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Members of the Utah State Board of Education are in charge of the state's public schools. That means that everything they do is in the name of — and paid for by — the public.

So it ought to go without saying that darn near everything board members do in their official capacity should be public.

Sadly, someone had to say it. Happily, it was a member of the board, relative newcomer Terryl Warner of Hyrum, who spoke up the other day, calling out Board Chairman David Crandall and other members of that body for what certainly appears to be a pattern of improperly secret meetings and decisions.

The formal investigation Warner is calling for may be premature. The flaws and failures of board procedure in recent weeks can most likely be corrected by some extra efforts at keeping board actions public. And some remedial lessons in Utah's Open and Public Meetings Act.

Her concern, though, is well-placed.

Warner clearly should not be the only person dismayed by the fact that the top two officials of the State Office of Education — Superintendent Martell Menlove and Deputy Superintendent Brenda Hales — have elected to move up their scheduled retirements by several months.

There has been virtually no public explanation for those moves. But public suspicion cannot help but be heightened by the fact that board members excluded not only the public, but also Menlove, from some recent meetings. And that just as Menlove's accelerated departure was announced, the board — after discussing the matter in secret — quickly named as interim boss someone whose background is not in public education but as a seminary teacher for The Church of Jesus Christ of Latter-day Saints and as a charter school founder.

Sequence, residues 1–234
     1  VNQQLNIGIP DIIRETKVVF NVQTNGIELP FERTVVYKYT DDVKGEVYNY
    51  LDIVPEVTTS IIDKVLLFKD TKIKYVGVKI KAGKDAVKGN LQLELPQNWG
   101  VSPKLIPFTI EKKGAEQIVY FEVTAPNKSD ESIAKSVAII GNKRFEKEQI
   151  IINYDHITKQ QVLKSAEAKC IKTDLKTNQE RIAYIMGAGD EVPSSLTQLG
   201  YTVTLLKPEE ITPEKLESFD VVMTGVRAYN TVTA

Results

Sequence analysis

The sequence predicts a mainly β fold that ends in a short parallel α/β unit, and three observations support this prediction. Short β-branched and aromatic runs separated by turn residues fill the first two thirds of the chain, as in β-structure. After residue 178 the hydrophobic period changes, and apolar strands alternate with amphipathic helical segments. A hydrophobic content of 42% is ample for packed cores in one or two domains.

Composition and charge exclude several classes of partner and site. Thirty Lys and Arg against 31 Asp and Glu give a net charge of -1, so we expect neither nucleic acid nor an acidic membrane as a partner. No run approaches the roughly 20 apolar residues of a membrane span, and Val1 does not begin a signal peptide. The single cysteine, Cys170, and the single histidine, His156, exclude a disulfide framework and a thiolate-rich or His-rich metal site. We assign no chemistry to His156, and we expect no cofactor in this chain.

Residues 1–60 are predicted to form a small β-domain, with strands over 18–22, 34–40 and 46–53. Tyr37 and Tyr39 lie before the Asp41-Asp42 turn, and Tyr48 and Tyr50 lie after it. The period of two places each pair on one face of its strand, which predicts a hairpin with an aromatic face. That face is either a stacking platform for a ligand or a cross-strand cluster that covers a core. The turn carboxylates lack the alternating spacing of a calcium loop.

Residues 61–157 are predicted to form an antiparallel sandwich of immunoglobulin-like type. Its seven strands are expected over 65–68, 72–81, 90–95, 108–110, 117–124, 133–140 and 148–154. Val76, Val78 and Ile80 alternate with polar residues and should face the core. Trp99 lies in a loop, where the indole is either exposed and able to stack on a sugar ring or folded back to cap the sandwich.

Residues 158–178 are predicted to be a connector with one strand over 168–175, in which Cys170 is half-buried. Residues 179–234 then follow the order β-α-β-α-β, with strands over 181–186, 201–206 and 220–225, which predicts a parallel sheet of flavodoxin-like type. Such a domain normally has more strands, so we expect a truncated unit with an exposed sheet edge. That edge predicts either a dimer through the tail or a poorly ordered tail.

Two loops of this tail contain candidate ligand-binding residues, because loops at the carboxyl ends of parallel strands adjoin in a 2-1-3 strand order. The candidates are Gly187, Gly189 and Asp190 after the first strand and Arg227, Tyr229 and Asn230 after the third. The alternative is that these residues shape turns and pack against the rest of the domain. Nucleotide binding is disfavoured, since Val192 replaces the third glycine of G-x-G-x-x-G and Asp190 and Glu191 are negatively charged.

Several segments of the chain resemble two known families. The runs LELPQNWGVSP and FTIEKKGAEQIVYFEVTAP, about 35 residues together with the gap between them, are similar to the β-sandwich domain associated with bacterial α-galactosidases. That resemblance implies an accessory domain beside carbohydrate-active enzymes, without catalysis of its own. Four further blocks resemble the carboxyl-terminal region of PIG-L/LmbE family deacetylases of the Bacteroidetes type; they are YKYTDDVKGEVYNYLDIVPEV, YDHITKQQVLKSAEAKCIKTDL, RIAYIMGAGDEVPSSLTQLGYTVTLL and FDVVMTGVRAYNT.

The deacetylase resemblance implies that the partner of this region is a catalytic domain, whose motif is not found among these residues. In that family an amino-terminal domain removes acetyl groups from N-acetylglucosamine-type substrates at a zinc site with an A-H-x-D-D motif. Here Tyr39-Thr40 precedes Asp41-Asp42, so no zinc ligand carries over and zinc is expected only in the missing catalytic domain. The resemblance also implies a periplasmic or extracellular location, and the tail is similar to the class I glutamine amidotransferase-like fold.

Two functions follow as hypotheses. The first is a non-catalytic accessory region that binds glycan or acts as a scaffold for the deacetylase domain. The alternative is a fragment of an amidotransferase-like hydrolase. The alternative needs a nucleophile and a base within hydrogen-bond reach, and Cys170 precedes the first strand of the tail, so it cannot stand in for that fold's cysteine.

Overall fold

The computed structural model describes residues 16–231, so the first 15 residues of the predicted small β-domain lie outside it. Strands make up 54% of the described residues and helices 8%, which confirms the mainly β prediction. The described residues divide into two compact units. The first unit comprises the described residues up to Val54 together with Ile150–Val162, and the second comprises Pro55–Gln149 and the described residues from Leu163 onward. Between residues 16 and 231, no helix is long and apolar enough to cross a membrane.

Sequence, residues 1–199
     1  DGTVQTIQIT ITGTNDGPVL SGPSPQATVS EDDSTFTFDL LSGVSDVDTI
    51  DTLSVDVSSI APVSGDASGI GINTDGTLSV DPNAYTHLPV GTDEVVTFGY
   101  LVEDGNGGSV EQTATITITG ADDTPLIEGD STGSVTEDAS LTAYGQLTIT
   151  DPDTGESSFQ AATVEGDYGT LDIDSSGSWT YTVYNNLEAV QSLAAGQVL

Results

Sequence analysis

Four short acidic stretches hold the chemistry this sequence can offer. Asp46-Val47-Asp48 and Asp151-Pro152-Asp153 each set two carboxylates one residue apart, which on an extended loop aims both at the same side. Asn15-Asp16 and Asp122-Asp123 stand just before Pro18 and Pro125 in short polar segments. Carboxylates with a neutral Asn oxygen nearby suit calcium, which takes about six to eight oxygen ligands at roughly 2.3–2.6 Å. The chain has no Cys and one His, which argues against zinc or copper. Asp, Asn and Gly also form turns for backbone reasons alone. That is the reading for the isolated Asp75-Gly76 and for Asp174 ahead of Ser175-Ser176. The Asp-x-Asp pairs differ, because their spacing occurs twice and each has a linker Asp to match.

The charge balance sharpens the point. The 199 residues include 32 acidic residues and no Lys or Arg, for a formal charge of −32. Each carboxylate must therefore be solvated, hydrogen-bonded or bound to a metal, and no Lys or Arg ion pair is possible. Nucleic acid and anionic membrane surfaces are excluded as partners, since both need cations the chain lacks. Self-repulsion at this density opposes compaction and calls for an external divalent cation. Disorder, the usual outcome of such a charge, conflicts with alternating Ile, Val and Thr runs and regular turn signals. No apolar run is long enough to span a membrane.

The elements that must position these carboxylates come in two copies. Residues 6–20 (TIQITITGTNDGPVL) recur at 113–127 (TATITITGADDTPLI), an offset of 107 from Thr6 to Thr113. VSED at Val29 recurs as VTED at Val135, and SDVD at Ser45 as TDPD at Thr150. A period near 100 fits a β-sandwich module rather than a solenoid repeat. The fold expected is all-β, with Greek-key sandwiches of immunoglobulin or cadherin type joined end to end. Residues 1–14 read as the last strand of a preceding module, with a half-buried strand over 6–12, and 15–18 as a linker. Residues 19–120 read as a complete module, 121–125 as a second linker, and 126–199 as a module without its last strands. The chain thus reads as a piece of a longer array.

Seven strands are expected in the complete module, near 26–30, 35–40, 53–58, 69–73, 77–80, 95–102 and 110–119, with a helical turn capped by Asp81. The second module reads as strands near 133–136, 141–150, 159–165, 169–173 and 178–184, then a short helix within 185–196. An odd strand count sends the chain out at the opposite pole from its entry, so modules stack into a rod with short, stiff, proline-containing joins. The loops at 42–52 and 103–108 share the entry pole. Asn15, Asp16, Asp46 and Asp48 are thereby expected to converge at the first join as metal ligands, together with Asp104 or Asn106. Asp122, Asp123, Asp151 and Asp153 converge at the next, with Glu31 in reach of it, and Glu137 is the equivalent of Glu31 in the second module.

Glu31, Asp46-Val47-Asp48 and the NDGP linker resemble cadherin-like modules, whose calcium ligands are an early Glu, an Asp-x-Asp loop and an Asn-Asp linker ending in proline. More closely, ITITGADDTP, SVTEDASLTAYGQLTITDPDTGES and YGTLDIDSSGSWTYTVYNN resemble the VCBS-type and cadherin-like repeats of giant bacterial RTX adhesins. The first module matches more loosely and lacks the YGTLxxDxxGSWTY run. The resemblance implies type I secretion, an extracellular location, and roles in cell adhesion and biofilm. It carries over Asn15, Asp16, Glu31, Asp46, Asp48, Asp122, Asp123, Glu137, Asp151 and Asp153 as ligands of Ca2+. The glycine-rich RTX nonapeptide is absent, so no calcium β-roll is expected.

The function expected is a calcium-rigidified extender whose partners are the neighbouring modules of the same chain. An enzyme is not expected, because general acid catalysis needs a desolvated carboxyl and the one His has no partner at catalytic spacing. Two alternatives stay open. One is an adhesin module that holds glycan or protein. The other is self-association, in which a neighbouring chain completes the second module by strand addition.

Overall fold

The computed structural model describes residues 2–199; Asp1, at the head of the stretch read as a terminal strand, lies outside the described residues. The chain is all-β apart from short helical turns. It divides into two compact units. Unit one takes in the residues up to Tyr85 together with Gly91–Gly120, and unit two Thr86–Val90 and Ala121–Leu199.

Interim Superintendent Joel Coleman has been head of the State Schools for the Deaf and Blind, and some credit him with doing a good job of handling difficult issues there.

Still, Utahns who value and have done much to protect their system of public education — including the referendum that killed the Legislature's spectacularly unwise and unpopular private school voucher plan in 2007 — have reason to be concerned.

Unless and until state board members get their act together and remember who they work for, the public has every reason to worry that members are cooking up some scheme that would boost charter and religious education at the expense of the public schools that the vast majority of families — as well as the Utah economy — will continue to depend on.